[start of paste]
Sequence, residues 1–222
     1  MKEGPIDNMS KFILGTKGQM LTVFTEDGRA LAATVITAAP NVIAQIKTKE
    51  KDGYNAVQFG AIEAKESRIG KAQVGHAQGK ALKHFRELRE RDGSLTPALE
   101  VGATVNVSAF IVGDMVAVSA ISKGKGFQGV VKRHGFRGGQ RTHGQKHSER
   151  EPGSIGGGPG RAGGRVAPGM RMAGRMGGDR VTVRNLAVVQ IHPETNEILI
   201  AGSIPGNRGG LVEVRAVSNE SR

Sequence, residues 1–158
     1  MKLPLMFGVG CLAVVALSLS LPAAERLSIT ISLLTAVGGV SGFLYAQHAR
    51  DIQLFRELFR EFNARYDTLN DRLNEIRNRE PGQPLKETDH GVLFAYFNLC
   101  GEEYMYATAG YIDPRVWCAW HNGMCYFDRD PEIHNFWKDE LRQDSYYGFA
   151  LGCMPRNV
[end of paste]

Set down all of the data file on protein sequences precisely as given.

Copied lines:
Sequence, residues 1–222
     1  MKEGPIDNMS KFILGTKGQM LTVFTEDGRA LAATVITAAP NVIAQIKTKE
    51  KDGYNAVQFG AIEAKESRIG KAQVGHAQGK ALKHFRELRE RDGSLTPALE
   101  VGATVNVSAF IVGDMVAVSA ISKGKGFQGV VKRHGFRGGQ RTHGQKHSER
   151  EPGSIGGGPG RAGGRVAPGM RMAGRMGGDR VTVRNLAVVQ IHPETNEILI
   201  AGSIPGNRGG LVEVRAVSNE SR

Sequence, residues 1–158
     1  MKLPLMFGVG CLAVVALSLS LPAAERLSIT ISLLTAVGGV SGFLYAQHAR
    51  DIQLFRELFR EFNARYDTLN DRLNEIRNRE PGQPLKETDH GVLFAYFNLC
   101  GEEYMYATAG YIDPRVWCAW HNGMCYFDRD PEIHNFWKDE LRQDSYYGFA
   151  LGCMPRNV